And tomorrow. And the day after. And…
Whole grain flapcats, blueberry and raspberry. Fortunately, they freeze well. You just can’t beat them.
And tomorrow. And the day after. And…
Whole grain flapcats, blueberry and raspberry. Fortunately, they freeze well. You just can’t beat them.
I’m an animal lover and a softie, and I hate to thwart critters from living a normal life. However, I do have my limits. When they repeatedly chew electric wires and go after my house and my solar panels despite my efforts to keep them away… well, it’s game on, you little fockers.
As I mentioned last time, the solar panel guys found yet more squirrel damage last week, even after an expensive tree trimming behind the house, laborious tree-trimming in front of the house (by me), an expensive installation of “critter guards” around our solar panels, and serious efforts on the part of a pest-control expert to get the little pests off the premises.
I thought I had pruned the tree out front sufficiently to eliminate the threat. I basically made it a bas-relief of a spruce tree. That was basically wishful thinking. I don’t think anyone was living in the tree last winter, because our Christmas lights survived the season unchewed. But now I come to find a big summer home nestled in a tangle of branches near the top, on the side facing away from us where I couldn’t see it. I had not observed the rascal itself, but Lexi and Connor downstairs had. And apparently it could get up onto the roof from there.
Yesterday I got out my vorpal sword, the extensible tree-trimmer, and strove mightily against the Fortress of the Squirrel. In the end, its great house fell. And our tree is now a couple of feet shorter, and I hope no longer within leaping range of easy roof access. I still need to do some restorative sculpting.
Did I feel like a heel? I surely did. If this had been a talking-animals animated feature, I definitely would have been the evil developer felling the homes of the lovable critters.
Thankfully, this was not such a movie.
Squirrels 1, Humans 1.
Will the series be renewed? Too soon to tell.
Okay, my roof isn’t tin, but I’m certain it was blazing hot up there in the sun yesterday. Our chimney has been in need of rebuilding for some time, as evidenced by leaks when it rained and pieces of old flashing falling into our attic. We finally had it done. The able team from Best Chimney that did the work had the bad luck to work up there with the temperature in the mid-90s, as we along with half the U.S. and most of Europe endured a massive heat wave. I did not personally labor in the sun, but I got hot enough just squinting up at the guys who did. As far as I could tell from way down on the ground, they did excellent work.
Here’s the teardown:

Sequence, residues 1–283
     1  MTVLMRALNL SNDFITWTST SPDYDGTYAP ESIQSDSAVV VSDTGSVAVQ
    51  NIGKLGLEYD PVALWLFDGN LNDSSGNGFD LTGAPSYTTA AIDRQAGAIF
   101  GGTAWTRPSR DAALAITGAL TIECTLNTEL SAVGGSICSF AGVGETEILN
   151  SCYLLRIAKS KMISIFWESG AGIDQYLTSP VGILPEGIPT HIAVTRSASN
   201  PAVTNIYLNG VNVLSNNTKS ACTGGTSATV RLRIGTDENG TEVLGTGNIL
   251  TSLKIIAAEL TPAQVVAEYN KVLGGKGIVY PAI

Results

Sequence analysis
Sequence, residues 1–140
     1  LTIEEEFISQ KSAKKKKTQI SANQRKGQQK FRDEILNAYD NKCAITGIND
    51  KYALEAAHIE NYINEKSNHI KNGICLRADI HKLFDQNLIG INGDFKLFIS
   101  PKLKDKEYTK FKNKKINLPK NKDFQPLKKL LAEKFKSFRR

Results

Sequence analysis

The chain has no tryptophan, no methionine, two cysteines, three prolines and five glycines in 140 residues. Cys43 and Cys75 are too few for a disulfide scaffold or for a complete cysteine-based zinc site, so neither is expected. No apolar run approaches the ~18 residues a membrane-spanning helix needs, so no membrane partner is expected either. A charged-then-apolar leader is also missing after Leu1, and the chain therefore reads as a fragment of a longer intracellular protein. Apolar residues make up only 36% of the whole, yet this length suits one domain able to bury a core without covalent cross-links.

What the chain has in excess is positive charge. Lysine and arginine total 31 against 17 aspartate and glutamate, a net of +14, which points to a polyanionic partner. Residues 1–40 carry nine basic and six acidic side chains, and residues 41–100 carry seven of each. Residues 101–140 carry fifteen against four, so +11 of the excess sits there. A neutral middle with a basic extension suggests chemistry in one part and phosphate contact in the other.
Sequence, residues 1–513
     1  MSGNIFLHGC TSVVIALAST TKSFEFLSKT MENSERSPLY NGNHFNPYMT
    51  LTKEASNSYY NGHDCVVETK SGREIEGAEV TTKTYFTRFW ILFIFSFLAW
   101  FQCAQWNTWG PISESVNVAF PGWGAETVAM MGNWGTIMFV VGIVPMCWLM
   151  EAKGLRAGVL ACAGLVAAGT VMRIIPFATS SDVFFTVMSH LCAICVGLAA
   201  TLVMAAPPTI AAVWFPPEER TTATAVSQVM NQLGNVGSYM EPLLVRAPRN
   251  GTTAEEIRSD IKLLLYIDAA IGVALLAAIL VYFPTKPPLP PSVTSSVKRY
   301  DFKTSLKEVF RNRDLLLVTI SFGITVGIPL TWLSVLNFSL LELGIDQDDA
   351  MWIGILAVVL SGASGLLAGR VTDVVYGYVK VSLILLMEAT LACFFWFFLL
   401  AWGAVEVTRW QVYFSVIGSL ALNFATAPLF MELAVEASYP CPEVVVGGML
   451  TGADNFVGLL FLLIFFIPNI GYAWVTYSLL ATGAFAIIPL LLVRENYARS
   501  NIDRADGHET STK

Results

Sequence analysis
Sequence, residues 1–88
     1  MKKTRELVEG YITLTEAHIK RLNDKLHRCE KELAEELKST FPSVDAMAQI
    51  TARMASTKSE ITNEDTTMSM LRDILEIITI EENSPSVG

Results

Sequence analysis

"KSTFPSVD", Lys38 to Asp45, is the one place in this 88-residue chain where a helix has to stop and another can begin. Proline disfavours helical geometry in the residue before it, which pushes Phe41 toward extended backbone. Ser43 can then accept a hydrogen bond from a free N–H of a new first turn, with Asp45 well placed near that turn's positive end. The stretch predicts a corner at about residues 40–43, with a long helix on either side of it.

And the finished chimney:
A downside of having solar-electric panels on the roof is that we had to pay another team to come and take several panels down, and come back next week to put them back up. As luck would have it, they discovered yet another chewed cable under one of the panels—even after the installation of critter guards to keep the squirrels out. The little buggers are just determined to cause mischief. Sigh. Steps will be taken, perhaps in another post.
The keynote event of our trip to the Berkshires was a Sunday-afternoon concert at Tanglewood with the Boston Symphony Orchestra, Andris Nelsons conducting. Now this is the way to hear music. I had only been to Tanglewood once before, decades ago, sitting on the grass out in front of the music shed, and that was great.
Here’s Allysen, standing in front of the shed. The crowd was just beginning to gather.
This time, I decided that I was a grownup and it was time to spring for seats inside the shed, where I could see the orchestra. It was fabulous. (Although I still couldn’t see the wind instruments, which were completely hidden behind the strings, which frustrated me a little.)
The program included Rachmaninoff’s Vocalise, Opus 34, No. 14, as well as his Symphony No. 3 in A minor, Opus 44. I say that as if I know something about it, but I’m just telling you what the program says. Sandwiched between the Rachmaninoff works was a premier performance of a contemporary-classical piece by Helen Grime: Trumpet Concerto, night-sky-blue, featuring Håkan Hardenberger on trumpet. I should note that the Rachmaninoff symphony featured virtuoso tweeting by birds in the rafters of the shed. They seemed totally in touch with the feeling of the final movement. Bravo!
Now, I have about as much business reviewing classical music as Fred Flintstone has reviewing one of my books. But should I let that stop me? As a point of reference, I might note that my absolute favorite orchestral works are Dvorak’s New World Symphony, John Williams’ various themes from Star Wars and Close Encounters, and Richard Rogers’ themes from Victory at Sea.
My favorite of this BSO performance was Vocalise. I can’t say why, just that it was lush and lyrical and swept me along. I need to find a recording of it to listen to again.
The Helen Grime concerto was…interesting. Cerebral, often dissonant, many musical voices speaking at once. The trumpet part was extraordinary in the playing ability demonstrated, but not exactly something to make me hum inside my head. I wanted to like it. I was excited to see a young composer have a new work premiered by the BSO; I felt I was in on something special. And yet… if there were melodies or themes, I was unable to pick them out. It was written during the pandemic, and it felt chaotic in a way that reflected that birthing. It felt like Stravinsky drenched in Jackson Pollock. No doubt this is my lack of understanding of classical music speaking.
The Rachmaninoff symphony began with an exquisite thread of clarinet and/or oboe, then segued into energetic full orchestral motion. I was unfamiliar with the piece, and I frankly couldn’t follow the musical themes for long, although there were passages I found quite beautiful. Unlike my reaction to the Grime, I was aware of the orchestra working together to craft themes I could hear, even if only for a few moments at a time, even if I didn’t follow where they were going. I want to listen to this again, also, though I doubt that any recording will feature the chirping of the birds nearly as effectively as in this performance.
All in all, it was a gratifying conclusion to the weekend. We now return to our regularly scheduled dimension.
With Allysen, I drove the Mothership to western Massachusetts and the Berkshires this past weekend. We stayed at the Mt. Greylock Campsite Park, somewhere near the base of Mt. Greylock, the tallest peak in Massachusetts. Before taking on the mountain, however, we set off for Stockbridge and the Naumkeag Public Garden, to view a collection of kinetic sculptures by George Rickey. The sculptures were fascinating—all stainless steel, and (I think) most of them in motion from wind energy. This is a double-triangle, slowly twisting in the wind: